1. From a practical perspective: It is good business. For further detail on this see the interview with the VP Environmental Affairs & Sustainability at DFW, Robert Horton ‘Sustainability is complimentary to good business.
  2. As a steward: It is the right thing to do.

But importantly, innovation can be also fun. In the interview Sean outlines some of the exciting sustainability initiatives and technology helping the airport on their journey to Net Zero by 2030.



Interview with Daniel Friedli, Travel in Motion – The APAC distribution landscape is “progressing but conservative”

Interview with Daniel Friedli, Travel in Motion – The APAC distribution landscape is “progressing but conservative”

Interview with Daniel Friedli, Travel in Motion – The APAC distribution landscape is “progressing but conservative”


In anticipation of the upcoming Aviation Festival Asia, Daniel Friedli answered some questions relating to distribution, new distribution capability (NDC), ONE Order, and the transition to modern retailing in the region.

Daniel is a Managing Director and Partner at Travel in Motion, a company which, with their partner Oystin Advisory, has years of experience bridging the gap between GDS business, the vendor, and the airline.

In this twenty-five-minute interview Daniel gave his perspective on the huge topic that is distribution in the Asia-Pacific region. Tackling this extensive subject, the Travel in Motion Partner identified areas of variation across the region providing a useful overview of the transformation, uptake, and challenges. Additionally, Daniel highlighted catalysts and barriers to change in the region, shedding light on the current landscape and cautiously drawing comparisons against other areas of the globe.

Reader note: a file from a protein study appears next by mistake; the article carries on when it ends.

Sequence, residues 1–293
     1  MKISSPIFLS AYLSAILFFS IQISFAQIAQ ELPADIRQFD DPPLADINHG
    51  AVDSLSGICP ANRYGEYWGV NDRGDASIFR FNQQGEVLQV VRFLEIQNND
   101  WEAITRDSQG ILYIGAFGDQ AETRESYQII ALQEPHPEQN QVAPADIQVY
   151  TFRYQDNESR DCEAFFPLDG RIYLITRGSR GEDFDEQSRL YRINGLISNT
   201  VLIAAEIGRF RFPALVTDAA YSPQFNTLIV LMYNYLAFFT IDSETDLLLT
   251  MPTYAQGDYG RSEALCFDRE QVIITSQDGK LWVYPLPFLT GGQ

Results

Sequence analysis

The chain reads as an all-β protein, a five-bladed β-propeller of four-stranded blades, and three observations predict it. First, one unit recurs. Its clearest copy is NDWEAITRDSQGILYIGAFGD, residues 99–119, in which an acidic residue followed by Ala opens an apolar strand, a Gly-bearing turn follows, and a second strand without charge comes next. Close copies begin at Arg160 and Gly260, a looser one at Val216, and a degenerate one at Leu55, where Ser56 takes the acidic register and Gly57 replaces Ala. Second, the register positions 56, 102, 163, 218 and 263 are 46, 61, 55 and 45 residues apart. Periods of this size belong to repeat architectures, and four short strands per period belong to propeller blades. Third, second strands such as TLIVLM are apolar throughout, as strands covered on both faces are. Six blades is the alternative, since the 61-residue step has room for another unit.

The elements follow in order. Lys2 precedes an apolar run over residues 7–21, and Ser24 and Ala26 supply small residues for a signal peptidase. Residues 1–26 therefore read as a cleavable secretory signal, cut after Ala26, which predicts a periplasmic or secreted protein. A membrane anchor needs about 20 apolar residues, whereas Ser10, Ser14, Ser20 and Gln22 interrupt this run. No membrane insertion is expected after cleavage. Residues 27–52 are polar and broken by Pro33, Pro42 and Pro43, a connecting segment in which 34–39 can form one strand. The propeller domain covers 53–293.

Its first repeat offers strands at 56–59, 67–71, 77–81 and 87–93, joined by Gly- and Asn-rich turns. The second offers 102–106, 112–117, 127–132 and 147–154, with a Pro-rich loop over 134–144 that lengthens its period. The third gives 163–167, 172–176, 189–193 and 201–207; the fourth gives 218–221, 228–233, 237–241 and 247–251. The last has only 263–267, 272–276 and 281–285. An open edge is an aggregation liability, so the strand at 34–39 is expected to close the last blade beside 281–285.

An important takeaway from the discussion was that many of these changes are costly and have repercussions that must be considered before integrating new systems. With all the future facing conversations concerning implementing updated systems, the complexities and costs around successfully installing new technology and systems cannot be understated.

The full list of questions asked is:

  • Could you give an overview of the distribution landscape in Asia?
  • Would you say the distribution is an area in which airlines are slightly hamstrung by legacy systems?
  • How have we seen COVID-19 impact the APAC region and how is this different to the rest of the world?
  • Can you explain the transformative impact NDC has had on distribution in the industry.
  • In what ways does NDC uptake vary from region to region?
  • ONE Order is still in its early stages, how do you see this developing in Asia?
  • Have there been problems transitioning to modern retailing with offer and order technology?
  • Why is it such an important time for the Asian aviation market to meet and discuss challenges in the industry?
  • What are you looking forward to at Aviation Festival Asia



Articles written by Travel in Motion include Tickets – Can We Live Without Them? The (Bleak?) Future of Departure Control Systems, Hey Airline Exec – Put your bum in my seat!